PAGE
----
Tuesday, September 23, 2008
back to normal and financial meltdowns; also electronic indexing revisited
Lot of stuff to cover here.
1. Back to normal: I have six jobs to complete this month. Only one is an index. That makes me feel tingly all over. I finished two indexes in the last two days, and my last four jobs were indexes. For the most part they were easy indexes (well, easier than the obscuria I usually work with), but it's the task as much as the topic. Sometimes easier books are harder books, and hard books are hard enough. To think I used to like this stuff. But if it's what's paying the bills, I can't complain.
2. Financial meltdown: I am experiencing a perversion of the trickle-down theory--that is, what happens when the haves become the have-nots, and there's nothing left to trickle down? I am presently owed too damn much money from organizations that oughta know better.
One of them, and I'll talk out of school here, is my adopted home state of Georgia. (Yes, Georgia still feels like home. I spent 20 years of my life there and much time going back, and my dearest friends are still there, and I get a warm feeling crossing the state line the same way I do crossing the Goethals, Outerbridge, or Verrazzano; not so much the Bayonne, as I've probably been on it no more than half a dozen times in my life.) Because one of my clients is a syndicated columnist who is basically the grand old man of Georgia journalism, I still know more about Georgia politics than I do about Virginia's or than I did about Florida's for the two-plus years I lived there. And through that work I know that the state of Georgia is in crappy financial straits, and that the current governor has done everything in his power to decimate the state of education there. This is not a good combination as one of my clients had me do an index (of course) for one of the state's universities, which is coming up on being almost three months late on paying an invoice. World of hurt 1.
World of hurt 2: another client who is also running about three months behind. The combination of these two circumstances is not a good one.
3. Electronic indexing revisited. I just received this email (edited) from another editor:
XXX referred me. I am editing a book (third of a trilogy). We need an index. I did the index for the first book on Pagemaker. Second book was done by someone else and the author not happy with it. She has asked me to do this index because I am familiar with the material (metaphysical subject). The book designer uses InDesign which I don't have. I was hoping you might answer some questions for me as I try to decide if I can do this job or need to pass it to someone like yourself.
Can I use Word to do the Index?
Will Word then transfer the markers, etc. to InDesign? The designer does not know the answer to this question.
Is there some other better software to use to do this task?
What fees do Indexers charge? I don't think I should charge my editing fee for this.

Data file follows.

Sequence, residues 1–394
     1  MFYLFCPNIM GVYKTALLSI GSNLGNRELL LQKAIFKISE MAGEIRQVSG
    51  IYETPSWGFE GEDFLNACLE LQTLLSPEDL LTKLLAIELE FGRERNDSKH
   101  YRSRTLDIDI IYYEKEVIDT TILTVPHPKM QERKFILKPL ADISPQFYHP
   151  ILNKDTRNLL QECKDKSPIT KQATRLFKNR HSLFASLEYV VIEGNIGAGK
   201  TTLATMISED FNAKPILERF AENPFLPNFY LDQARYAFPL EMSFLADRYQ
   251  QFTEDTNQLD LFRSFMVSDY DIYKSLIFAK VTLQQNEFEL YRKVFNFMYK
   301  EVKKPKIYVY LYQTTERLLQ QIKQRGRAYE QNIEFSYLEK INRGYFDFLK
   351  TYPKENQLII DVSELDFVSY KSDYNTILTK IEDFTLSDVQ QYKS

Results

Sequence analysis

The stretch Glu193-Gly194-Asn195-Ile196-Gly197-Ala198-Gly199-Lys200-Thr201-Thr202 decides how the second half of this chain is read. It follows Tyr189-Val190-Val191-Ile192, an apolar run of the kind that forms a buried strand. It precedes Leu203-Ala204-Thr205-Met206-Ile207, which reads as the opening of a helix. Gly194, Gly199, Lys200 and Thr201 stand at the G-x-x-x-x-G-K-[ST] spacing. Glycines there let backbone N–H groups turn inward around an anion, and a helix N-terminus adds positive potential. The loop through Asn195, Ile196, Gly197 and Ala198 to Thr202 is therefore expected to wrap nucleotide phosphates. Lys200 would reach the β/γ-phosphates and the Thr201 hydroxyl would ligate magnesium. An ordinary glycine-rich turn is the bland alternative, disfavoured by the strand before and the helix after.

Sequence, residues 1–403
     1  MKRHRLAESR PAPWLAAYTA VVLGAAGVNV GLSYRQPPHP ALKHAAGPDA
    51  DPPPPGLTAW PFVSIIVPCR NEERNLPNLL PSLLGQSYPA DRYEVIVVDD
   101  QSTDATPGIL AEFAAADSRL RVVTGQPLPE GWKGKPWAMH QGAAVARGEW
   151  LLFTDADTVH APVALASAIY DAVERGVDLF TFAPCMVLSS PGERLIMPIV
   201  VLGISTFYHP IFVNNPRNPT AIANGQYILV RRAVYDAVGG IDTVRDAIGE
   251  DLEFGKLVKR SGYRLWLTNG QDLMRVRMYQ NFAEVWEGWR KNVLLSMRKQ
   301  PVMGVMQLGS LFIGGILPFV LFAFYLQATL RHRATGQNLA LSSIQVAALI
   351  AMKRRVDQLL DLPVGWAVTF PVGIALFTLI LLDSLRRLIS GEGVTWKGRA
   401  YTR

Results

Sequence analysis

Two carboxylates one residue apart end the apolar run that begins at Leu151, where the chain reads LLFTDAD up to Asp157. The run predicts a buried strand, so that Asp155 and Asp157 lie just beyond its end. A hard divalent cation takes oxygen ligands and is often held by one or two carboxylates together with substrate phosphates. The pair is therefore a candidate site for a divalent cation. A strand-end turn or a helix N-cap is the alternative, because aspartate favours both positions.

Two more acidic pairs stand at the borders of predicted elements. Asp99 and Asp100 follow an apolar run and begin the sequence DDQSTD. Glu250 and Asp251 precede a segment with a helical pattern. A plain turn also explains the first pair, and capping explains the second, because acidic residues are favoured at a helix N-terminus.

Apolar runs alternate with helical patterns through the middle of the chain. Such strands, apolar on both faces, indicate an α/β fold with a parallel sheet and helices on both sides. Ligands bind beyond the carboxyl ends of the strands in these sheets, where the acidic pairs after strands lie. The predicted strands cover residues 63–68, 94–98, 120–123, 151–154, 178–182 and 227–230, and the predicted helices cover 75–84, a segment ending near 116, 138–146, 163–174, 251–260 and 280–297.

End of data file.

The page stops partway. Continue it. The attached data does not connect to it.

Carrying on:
You might also tell me your experience in indexing unfamiliar, dense, and highly repetitive material (the same terms are used in different instances, e.g. the would "group" probably appears 100s of times).
Any regular visitor to this blog knows what my answers are going to be. In reverse,
1. The prevalence of a particular word in a book is not necessarily an indicator of its prominence in the index. Someone is thinking more of a concordance than an index.
2. My experience in indexing unfamiliar, dense, and highly repetitive material? God, is there any other kind?'
3. Fees? Check the blog.
4. The best software to use to write an index is the one that delivers to a designer a clean document from which they can typeset an index, not indexing software or certainly page design software.
5. Will the markers transfer? Here we go. Time for Land on Demand either to face what might be the future, or to rage, rage against the dying of the light. Markers? I don't need no stinking markers.
None of this is meant to criticize in any way the person who wrote me this email. But it just goes to show what an arcane deal indexing is. I am presently working with a first-time self-publishing author who as part of the manuscript I received included terms for an index. Actually the terms comprised a better list than I've seen some professors submit, but it's still putting the cart before the horse.
Authors, I can't say it enough: Write your book. Write the best damn book you can. Leave the indexing and book design and editing to real professionals, people who do it every day and are paid a real wage to do so. I edit and proofread and index for a living. Does that qualify me to write your autobiography, or a book about the spiritual aspects of nursing or a book about the Memphis public school system or a book on the mystical theology of William Law? (These are all books I've worked on recently; the authors have done nothing to cause me any offense.) Nor does your having written a book qualify you to proofread, edit, or index it.
Anyway, probably tomorrow, I will hear from the email correspondent above, and we will have a very pleasant conversation, during which I will attempt to tell my side of the story. And, gee, maybe I'll get another indexing job out of it. Imagine my joy.